Wednesday, September 26, 2007

Damn You, Diamond Comics!

First, many thanks to Lisa and Craig at Neptune Comics for the warm reception and good conversation. Second, DAMN YOU, DIAMOND COMICS!

"What's wrong, CBV?" you ask. (Note: This was originally posted on MySpace, where my handle is Comic Book Villain.)

Well, in most instances, having an appearance to promote a new trade paperback on a Wednesday would be the thing to do. Even if nobody's coming specifically to see you, there's bound to be people in a comic store on Wednesday. For, as the initiated know, Wednesday is COMIC BOOK DAY!! HOORAY!

But not 'HOORAY'. Not even 'Yeah' or 'hmmm'. Diamond Comics, the distributor for any and all things comic book related, didn't ship Neptune's delivery. ARGGGH!

Now, rather than keep quiet in the hopes of tricking people into coming anyway, Lisa and Craig did the right thing. They e-mailed their customer base and let them know what was up. In fact, they offered a discount for anyone who'd like to stop in and look around (and possibly meet Al, Randy and myself). Pretty solid on their part.

Turns out people just want their comics. This is understandable. So, long story short, Workshed didn't exactly get to press the flesh (unless you count handing a credit card to the George Webb's waitress next door).

Lisa and Craig were gracious hosts, and I think it's safe to speak for Al and Randy when I say that we all had a good time talking comics, industry and West Allis with them. Fine folks at a very cool store (an impressive selection of comics and associated merch).

All things considered, we should have seen this coming. Al, Randy and I, up to this point, had never appeared as a group to promote anything we worked on. Even if Workshed has been around in one shape or another for seven years, we're still in for some dues-paying. On a positive note, Sawdust: The Workshed Anthology is now available at Neptune Comics. You now have no excuse, Waukesha, Wisconsin.

So, once again, thanks to Lisa and Craig at Neptune, and here's to the next Workshed Studio appearance paying down the newbie debt even further.

Monday, September 24, 2007

Meet Workshed Studio Wednesday, September 26th

Workshed Studio (myself, Alan Evans, and Randy Malave Jr.) will be signing copies of Sawdust: The Workshed Anthology and meeting some of the fine comic book-reading folks of Wisconsin on Wednesday, September 26th. Stop on by:

Neptune Comics
141 E. Sunset Drive

Waukesha, WI

Unfortunately, we couldn't secure the pony ride permits, but it should be a fun time nonetheless. Festivities kick off at 6pm. Come talk comics and feed our egos.

No Country For Old Men - Cormac McCarthy

At this point, it may well be silly to recommend this book. It's been out for almost two and a half years, and the movie adaptation (by the Coen brothers – HOORAY!) will be in theatres in a few short months. On top of that, Cormac McCarthy has jumped on the Oprah train with his most recent book, The Road. The publicity machine running behind this phenomenal author and his amazing work doesn't seem to be hurting for fuel. All that being said; this book is so good that it would be wrong of me to read it and not say something.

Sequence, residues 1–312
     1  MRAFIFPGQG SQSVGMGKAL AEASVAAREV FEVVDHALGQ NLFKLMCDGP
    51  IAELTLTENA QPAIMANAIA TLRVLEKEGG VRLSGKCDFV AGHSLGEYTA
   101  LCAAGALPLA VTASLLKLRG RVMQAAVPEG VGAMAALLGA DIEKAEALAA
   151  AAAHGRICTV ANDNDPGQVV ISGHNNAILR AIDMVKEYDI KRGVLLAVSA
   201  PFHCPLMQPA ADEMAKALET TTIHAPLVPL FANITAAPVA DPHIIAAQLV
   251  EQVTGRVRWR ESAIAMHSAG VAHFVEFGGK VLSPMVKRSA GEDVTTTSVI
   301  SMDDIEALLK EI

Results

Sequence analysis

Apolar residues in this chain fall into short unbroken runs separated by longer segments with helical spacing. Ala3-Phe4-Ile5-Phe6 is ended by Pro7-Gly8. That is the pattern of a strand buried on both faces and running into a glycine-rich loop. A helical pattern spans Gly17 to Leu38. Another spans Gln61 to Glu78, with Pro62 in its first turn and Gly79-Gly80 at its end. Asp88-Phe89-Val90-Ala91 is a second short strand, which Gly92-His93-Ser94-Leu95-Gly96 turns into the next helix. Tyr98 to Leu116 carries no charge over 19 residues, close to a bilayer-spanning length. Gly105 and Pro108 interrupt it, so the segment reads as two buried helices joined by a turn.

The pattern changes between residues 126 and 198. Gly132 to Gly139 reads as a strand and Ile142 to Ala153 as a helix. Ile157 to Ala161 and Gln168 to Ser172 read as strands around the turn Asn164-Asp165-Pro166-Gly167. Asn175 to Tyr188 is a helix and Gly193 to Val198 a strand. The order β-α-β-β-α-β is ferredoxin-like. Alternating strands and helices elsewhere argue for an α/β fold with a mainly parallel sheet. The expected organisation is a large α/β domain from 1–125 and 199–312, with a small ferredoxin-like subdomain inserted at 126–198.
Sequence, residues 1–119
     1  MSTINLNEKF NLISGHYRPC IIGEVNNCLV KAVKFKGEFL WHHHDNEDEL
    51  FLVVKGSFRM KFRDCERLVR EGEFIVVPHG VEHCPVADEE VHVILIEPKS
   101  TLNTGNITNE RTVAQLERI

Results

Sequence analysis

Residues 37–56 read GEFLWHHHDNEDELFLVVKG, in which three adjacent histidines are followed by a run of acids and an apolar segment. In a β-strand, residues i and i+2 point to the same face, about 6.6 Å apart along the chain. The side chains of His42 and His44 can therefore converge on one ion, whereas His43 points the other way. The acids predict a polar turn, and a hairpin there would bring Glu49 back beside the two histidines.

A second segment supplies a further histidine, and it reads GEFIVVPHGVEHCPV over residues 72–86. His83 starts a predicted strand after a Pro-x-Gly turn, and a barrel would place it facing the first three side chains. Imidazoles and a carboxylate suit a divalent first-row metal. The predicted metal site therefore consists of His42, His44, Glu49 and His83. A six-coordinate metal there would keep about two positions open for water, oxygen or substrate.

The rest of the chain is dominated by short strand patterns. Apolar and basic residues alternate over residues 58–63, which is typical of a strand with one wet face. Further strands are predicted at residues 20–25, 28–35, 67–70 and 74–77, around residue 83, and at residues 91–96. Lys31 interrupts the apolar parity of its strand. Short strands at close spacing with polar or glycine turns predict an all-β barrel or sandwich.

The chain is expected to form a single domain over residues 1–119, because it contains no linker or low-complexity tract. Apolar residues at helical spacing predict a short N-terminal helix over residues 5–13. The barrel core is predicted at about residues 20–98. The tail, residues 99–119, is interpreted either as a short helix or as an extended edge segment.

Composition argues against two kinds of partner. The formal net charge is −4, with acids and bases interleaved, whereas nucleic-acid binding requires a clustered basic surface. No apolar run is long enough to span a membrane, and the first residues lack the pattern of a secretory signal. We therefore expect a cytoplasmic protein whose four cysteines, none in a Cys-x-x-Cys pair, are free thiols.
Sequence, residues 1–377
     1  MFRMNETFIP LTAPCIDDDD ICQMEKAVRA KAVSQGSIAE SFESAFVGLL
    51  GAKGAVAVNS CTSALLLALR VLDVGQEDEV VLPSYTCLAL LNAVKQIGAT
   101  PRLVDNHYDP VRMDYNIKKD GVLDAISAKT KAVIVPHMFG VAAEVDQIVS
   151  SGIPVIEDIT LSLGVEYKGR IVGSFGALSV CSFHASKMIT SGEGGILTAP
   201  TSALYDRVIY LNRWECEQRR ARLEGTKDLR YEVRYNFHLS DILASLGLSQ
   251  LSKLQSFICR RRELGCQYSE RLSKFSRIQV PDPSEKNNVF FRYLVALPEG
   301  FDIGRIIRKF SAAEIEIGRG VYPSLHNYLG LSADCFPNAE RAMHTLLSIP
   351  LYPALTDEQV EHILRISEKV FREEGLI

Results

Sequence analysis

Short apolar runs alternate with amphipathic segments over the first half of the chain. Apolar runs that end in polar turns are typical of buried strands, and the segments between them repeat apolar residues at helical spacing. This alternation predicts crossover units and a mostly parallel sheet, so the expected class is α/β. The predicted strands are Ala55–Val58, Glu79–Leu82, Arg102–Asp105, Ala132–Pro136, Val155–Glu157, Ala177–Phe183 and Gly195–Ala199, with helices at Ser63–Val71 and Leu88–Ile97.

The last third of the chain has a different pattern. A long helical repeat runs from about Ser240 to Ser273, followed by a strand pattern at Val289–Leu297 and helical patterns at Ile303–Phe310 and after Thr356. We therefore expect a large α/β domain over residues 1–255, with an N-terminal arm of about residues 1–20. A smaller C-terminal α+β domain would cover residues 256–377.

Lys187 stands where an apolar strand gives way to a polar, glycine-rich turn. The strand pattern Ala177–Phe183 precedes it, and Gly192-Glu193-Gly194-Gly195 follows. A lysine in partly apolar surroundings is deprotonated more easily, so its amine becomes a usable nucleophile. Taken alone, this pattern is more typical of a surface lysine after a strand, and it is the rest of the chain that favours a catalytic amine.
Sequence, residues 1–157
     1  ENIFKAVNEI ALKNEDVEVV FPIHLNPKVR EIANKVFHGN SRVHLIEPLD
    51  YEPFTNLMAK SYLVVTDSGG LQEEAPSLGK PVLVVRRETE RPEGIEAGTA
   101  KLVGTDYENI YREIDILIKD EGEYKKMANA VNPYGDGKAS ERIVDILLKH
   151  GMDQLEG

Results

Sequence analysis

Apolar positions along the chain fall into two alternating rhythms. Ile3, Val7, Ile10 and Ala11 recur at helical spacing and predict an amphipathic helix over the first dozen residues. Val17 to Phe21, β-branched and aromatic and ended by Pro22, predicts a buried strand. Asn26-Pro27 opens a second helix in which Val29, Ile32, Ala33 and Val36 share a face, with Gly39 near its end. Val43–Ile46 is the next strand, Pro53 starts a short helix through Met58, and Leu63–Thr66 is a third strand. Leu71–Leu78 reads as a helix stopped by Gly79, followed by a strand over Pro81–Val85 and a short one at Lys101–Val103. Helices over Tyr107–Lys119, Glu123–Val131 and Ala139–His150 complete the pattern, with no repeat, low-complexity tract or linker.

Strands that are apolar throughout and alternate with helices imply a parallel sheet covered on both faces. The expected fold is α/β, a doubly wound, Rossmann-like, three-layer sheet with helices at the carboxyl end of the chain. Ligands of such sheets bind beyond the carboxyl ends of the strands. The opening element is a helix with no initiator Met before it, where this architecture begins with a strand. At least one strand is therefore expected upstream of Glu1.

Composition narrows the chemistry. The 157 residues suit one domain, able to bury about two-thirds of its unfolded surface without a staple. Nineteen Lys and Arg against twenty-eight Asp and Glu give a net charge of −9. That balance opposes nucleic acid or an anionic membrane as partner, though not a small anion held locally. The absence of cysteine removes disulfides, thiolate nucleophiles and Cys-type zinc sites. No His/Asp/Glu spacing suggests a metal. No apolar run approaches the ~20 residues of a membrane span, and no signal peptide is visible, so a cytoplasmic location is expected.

Cormac McCarthy is the kind of author that people will teach classes about (perhaps they already do) and his work will be dissected for meaning, nuance and style. I'd say he was an exemplar of a certain crop of writers working the themes of dying culture, dried-up hopes and barren psychological landscapes, but he's not. He's not an 'exemplar', because no one else does what he does. Sure, some try, but no matter how much they get right, there is something altogether different and in my opinion, better about McCarthy's writing.

On it's face, No Country For Old Men is a story of a man who finds a case of money left from a drug deal gone bad and makes a fateful decision that alters his own and the lives of the people around him. But then it's more. McCarthy is famous for his reticence to discuss his work, and hearing opinions like mine, making it out to be grander in scope than probably intended is doubtless one of the reasons why. But here goes…

I easily viewed the protagonist, Llewelyn Moss, as a Promethean character. He's an everyman, stuck in his strata and desperate for more than life gave him. Desperate enough to steal the fire of the gods. Unfortunately, the gods in this time and place are gods of greed, violence and amorality. Moss is quickly out of his depth. There are no supernatural elements to the story (unless you count Anton Chigurh, the downright spooky killer on Moss's trail), but the willingness to wade into the morass of bloody retribution and risk what little he has at the story's beginning will make you question Moss's sanity. Chigurh is a representation of the forces that ordinary men have no business butting up against. He's long past humanity, in fact long past even the code of conduct expected of a man in his line of dirty work. The final member of the trio of perspectives is Ed Tom Bell, the sheriff whose life is turned upside down amid the chaos that ensues. Sheriff Bell is the standard set for community and order in an increasingly violent and, to him, senseless world. You can hear Bell's bones ache every time he reads a newspaper, every time he hears about the latest transgression against the people he protects. These three men represent the stages of a world going mad. The old guard, the new return to savagery, and the point at which one embraces the other.

Questions of humanity regressing back to animalistic impulse are prevalent in McCarthy's work; the battle to hold on to ethical and moral standards seems to be going badly. At the end of the day, the visions of violence and depravity presented serve to contrast and enhance the dwindling few who strive to do right. There is something mythic at work in No Country For Old Men.